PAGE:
Testing the adhesion between chromium plating and the base metal involves many difficulties, and the conventional test is too inaccurate to permit analysis of adhesion. For this reason an improved adhesion test, based on the drawing method developed by R. A. F. Hammond et al., was used to measure the strength of adhesion of chromium plating to the base metal. As the hydrogen overvoltage on the base metal surface to be plated seems to have a great effect on the mechanism of electrodeposition in chromium plating, it was measured to clarify the chemical characteristics of the surfaces, and the adhesion mechanism was considered. It is considered that the condition of the base metal surface to be plated influences the structure of the metal deposited at the first stage of the electrodeposition, and that the strength of adhesion of the plating to the base metal varies. If the base metal surface is etched by counterelectrolysis in the chromium plating bath just before plating, the base metal surface becomes favorable for plating. This etching process causes stronger adhesion of chromium plating to the base metal.
The adhesion of the hot-dip galvanized coating of high-strength steel sheet was studied in connection with the Al and Pb content of the Zn bath. Coating adhesion, as evaluated by Gardner impact test, 0t-bending test and U-shaped bending test, differed, the Gardner impact test being the most severe. Coating adhesion depended on the structure of the alloy layer formed between the substrate and the coating (η-Zn), which was changed by the Al and Pb contents in the coating bath. In a 0.05% Al-0.20% Pb-Zn bath, an alloy layer consisting of coarsely developed Fe-Zn intermetallic compounds made coating adhesion poor. In a 0.15%Al-0.20%Pb-Zn bath, the poor adhesion of the coating was considered to be due to the alloy layer consisting of fine Al-Fe-Zn intermetallic compounds and locally developed Fe-Zn intermetallic compounds. The addition of Pb to the coating bath facilitated the local formation of Fe-Zn intermetallic compounds.
Electroless nickel plating on silicon wafers were investigated to obtain good adhesion. It was found that complicated micro etch pits ranging from 0.5μm to 1.5μm in depth on the silicon surface produced by etching with potassium hydroxide followed by HF-HNO3-CH3 COOH-H2 O2 etching solution. The micro etch pit formed by this etching sequence showed an interlocking effect with nickel, which permitted mechanical interaction at the nickel-silicon interface.
In order to clarify the suitability of aluminum with hydrated oxide film as a base material for painting, the strength of adhesion of epoxy-phenolic resin to aluminum hydrated using several kinds of baths was evaluated by measurement of the peeling strength, and the mechanism of adhesion for each type of treatment was observed by SEM and ESCA. (1) In every method of treatment, resin adhesion rose in the initial induction stage (a), dropped extremely for a time at the beginning of film growth (b), and then rose again depending on the time of treatment (c). The mechanisms were considered to be as follows: (a) The increase in specific surface area depending on the formation of lumps, (b) The decrease in the adhesion of the lumps to the aluminum base depending on the formation of needle-like or petal-like hydrated oxide film, (c) The increase of specific area depending on the growth of petal-like hydrated oxide film having good adhesion to the aluminum base. (2) The films that were treated in waterglass solution after hydration promoted in sodium hypochlorite solution showed better resin adhesion than did films without waterglass treatment. We considered the cause of the increased resin adhesion to be secondary improvement of the surface of the aluminum base depending on the formation of SiO2-film.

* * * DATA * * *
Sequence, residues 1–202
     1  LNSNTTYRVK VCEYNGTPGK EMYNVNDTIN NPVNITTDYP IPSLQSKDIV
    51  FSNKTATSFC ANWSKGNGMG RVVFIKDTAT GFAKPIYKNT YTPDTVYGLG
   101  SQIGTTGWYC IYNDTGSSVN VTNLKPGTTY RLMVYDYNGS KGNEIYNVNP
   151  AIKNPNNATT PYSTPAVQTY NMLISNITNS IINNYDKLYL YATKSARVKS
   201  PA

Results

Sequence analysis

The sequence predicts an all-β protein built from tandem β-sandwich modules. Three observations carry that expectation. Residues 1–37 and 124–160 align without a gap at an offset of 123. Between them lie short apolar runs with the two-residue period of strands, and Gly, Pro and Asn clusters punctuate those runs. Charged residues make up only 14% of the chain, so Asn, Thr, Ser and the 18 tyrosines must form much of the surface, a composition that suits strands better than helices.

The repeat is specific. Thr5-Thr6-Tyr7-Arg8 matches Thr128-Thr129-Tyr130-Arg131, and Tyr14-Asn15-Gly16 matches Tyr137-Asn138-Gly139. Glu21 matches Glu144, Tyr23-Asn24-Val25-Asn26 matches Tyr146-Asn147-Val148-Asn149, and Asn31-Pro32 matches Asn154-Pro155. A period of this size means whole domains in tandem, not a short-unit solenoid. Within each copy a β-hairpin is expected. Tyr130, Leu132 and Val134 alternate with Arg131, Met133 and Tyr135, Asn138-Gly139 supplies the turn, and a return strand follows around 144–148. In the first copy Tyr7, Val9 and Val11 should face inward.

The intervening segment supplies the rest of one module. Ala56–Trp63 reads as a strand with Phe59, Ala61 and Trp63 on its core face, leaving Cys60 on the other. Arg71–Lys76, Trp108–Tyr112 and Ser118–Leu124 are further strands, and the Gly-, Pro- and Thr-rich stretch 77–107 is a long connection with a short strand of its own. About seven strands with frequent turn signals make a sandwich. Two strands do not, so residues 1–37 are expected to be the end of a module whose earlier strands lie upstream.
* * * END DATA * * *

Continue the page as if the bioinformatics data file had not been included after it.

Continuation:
An automatic scratch tester with an acoustic emission (AE) detector has been developed by the CSEM-Centre Suisse d'electronique et de microtechnique S.A.-(former LSRH), it is an automatic device intended to test the mechanical strength-adhesion and intrinsic cohesion-of hard, brittle coatings formed by chemical vapor deposition (CVD) or physical vapor deposition (PVD) on softer, tougher substrates. The test consists in scratching the surface of a coated substrate specimen with a smoothly rounded diamond point. The load applied at the point is increased continuously as the point moves on the surface, and a piezoelectric accelerometer is used to detect the AE produced as the coating is damaged. Preliminary scratch test results are shown using PVD TiN-coated cemented carbide testpieces. The influence on critical load (Lc) of coating thickness, deposition rate and coating pressure is studied. Coating pressure is varied from a lower end of 8×10-4 Torr to 2×10-3 Torr. Coating thickness is changed by the distance of the testpieces from the evaporator crucible. In case of higher coating pressure, critical load increases with coating thickness in the range of 1-4μm, however, coatings thicker than 6μm showed a sudden fall in the critical load value. This suggests that a critical thickness or deposition rate exists for adhesion in PVD TiN coating. In case of lower pressure, reproducibility of the Lc value was rather poor and at thicknesses of 1-8μm there was no apparent difference in the critical load observed.